GREENSBORO — Add Guilford College to the list of schools trying to do something about rising college prices.
The private liberal arts college this fall introduced a fixed-price tuition plan that’s similar to the program that the UNC system rolled out a year ago.
Guilford is calling it the 4-1-0 Plan and marketing it with the tag line of “four years, one price, no worries.”
Under the fixed-tuition plan, “there are no surprises and no increases in tuition later on,” said Arlene Wesley Cash, the college’s vice president of enrollment management. “(Families) can plan. We thought they deserved that continuity.”
Before the school year began, Guilford College raised tuition rates slightly for the 2017-18 year — by 1 percent for rising seniors, 2 percent for juniors, 3 percent for sophomores and 4 percent for new first-year and transfer students.
First-year students pay the highest tuition — $17,529 per semester, or $35,058 per year. They’ll pay that same price for as long as they stay at Guilford.
Sophomores, juniors and seniors pay slightly less. Their tuition rates also are fixed for their entire tenures at Guilford.
Guilford’s new plan doesn’t freeze a student’s entire college bill. The college puts the total cost of attendance for first-year students this year at $50,770 — a figure that includes fees, books, a dorm room and a meal plan as well as personal, travel and other expenses. Those expenses could increase each year.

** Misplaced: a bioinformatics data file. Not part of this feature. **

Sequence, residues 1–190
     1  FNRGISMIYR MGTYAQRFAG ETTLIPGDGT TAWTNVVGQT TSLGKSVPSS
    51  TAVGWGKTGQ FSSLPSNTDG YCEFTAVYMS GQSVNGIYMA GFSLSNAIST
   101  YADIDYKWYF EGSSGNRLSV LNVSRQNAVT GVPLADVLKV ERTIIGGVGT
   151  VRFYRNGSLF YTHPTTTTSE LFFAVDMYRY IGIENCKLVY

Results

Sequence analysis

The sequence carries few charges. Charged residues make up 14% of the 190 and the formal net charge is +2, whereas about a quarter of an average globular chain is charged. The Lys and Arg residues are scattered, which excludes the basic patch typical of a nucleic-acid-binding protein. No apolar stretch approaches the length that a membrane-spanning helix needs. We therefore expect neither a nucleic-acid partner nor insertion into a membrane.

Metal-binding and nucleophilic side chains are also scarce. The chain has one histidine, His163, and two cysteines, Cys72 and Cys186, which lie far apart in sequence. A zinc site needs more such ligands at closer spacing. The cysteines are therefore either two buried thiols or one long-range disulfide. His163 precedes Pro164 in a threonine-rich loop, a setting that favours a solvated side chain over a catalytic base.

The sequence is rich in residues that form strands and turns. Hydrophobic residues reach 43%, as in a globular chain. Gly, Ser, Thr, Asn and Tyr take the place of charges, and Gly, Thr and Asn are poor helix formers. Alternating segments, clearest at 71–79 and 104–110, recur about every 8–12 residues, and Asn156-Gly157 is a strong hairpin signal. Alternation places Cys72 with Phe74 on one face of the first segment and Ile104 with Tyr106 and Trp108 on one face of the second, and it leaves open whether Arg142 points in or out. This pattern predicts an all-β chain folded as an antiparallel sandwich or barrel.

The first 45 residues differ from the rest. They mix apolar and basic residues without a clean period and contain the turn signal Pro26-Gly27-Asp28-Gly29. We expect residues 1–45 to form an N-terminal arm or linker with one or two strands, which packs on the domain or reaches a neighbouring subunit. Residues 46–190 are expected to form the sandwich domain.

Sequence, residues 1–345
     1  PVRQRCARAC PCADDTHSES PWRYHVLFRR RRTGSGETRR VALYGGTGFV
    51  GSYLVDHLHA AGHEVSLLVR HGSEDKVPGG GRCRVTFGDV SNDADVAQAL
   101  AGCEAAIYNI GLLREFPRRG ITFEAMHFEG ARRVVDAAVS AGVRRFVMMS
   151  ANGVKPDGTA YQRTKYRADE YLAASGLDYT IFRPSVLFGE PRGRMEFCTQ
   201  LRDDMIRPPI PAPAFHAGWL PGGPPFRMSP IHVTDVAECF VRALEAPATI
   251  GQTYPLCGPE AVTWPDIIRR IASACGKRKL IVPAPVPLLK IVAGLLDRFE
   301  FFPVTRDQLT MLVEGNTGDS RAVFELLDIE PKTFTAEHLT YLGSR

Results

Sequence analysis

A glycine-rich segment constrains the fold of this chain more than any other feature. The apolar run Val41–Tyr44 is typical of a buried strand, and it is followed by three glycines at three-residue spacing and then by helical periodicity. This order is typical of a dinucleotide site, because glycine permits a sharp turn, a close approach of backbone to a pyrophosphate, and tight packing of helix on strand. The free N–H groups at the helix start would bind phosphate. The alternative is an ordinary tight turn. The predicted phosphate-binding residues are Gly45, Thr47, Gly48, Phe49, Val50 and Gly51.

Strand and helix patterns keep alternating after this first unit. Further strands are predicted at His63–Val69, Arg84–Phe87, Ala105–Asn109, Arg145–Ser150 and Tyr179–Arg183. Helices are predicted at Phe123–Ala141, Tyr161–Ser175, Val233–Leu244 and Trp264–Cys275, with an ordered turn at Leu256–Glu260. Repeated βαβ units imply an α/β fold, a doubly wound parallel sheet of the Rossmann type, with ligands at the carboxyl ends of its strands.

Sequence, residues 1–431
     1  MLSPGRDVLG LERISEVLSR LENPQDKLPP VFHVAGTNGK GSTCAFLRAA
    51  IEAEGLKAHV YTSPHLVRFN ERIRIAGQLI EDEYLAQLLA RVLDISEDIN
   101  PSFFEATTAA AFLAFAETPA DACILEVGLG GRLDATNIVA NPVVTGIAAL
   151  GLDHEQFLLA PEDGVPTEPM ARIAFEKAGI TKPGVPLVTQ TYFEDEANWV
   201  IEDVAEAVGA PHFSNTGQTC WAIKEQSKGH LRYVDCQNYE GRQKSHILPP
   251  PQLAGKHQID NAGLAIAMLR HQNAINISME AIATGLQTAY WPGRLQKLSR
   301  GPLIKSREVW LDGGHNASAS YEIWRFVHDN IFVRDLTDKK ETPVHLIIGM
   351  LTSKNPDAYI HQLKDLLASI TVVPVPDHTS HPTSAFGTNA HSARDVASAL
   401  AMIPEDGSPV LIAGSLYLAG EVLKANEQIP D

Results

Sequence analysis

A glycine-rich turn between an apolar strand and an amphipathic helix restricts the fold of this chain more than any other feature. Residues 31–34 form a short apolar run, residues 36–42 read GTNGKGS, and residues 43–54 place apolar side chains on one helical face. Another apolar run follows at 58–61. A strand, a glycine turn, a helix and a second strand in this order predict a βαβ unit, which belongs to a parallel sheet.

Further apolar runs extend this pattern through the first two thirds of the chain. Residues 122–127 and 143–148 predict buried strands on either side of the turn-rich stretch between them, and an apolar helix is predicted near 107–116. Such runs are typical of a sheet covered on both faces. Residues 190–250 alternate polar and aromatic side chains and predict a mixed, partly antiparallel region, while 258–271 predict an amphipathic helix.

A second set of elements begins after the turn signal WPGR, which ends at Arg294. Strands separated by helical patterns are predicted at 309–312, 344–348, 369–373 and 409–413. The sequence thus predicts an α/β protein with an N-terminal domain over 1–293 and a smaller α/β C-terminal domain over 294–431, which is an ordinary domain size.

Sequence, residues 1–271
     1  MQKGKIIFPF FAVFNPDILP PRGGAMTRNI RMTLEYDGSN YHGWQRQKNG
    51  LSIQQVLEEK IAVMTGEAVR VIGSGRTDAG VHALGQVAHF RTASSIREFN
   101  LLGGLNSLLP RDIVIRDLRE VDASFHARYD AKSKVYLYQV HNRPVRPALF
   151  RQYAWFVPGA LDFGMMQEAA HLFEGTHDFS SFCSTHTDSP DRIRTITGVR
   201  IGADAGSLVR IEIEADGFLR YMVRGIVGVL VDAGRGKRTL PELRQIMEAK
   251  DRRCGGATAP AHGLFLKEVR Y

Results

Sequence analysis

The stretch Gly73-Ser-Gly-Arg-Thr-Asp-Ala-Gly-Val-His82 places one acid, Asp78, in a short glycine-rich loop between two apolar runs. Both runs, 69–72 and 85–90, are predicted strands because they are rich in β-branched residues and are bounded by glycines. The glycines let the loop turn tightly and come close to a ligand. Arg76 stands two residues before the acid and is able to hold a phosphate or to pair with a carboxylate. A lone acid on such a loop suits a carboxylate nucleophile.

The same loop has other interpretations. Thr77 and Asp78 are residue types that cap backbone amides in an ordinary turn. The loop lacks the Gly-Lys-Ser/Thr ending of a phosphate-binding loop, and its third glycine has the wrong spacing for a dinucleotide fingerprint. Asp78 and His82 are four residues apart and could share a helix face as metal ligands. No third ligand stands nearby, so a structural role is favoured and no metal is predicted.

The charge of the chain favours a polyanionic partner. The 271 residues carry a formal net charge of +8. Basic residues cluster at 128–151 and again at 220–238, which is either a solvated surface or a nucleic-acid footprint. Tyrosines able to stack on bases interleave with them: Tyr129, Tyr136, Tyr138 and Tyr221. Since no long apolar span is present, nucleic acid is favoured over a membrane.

Cash noted that all Guilford students get some sort of academic scholarship or financial aid, which means they don’t actually pay the full cost of attending Guilford.
Guilford’s 4-1-0 plan is similar to the fixed tuition program that the UNC system started in 2016 for its in-state students, but with a couple of differences.
Guilford won’t raise tuition for students who leave school for a semester or two and come back. It also won’t raise tuition for students who need extra semesters to graduate. The UNC system plan raises rates if a student leaves school for more than a semester and for students who take more than four years to earn a degree.
As higher education prices continue to rise, colleges are trying several different tactics to slow the increases.
North Carolina is the second state after Illinois to set a guaranteed tuition plan for all in-state students at public universities. Similar plans in Oklahoma and Texas are optional.
Elsewhere, some colleges are opting for temporary tuition freezes — something Guilford did a year ago — or cutting their prices dramatically and offering less financial aid. Belmont Abbey College, the private Catholic college near Charlotte, cut tuition by a third in 2013 and instituted a fixed-tuition plan last fall.
Cash said Guilford has received positive feedback from students and families about the 4-1-0 plan. Another positive has been on enrollment. Cash said the fixed-tuition plan helped the college enroll a higher-than-usual percentage of North Carolina students who had been accepted by Guilford and other colleges.
“We have an increasing number of students who are challenged (by college prices),” Cash said. “We didn’t want to be out of their reach, and we wanted to maintain the quality of the (college) experience. That was important to us.”
Contact John Newsom at 336-373-7312 and follow @JohnNewsomNR on Twitter.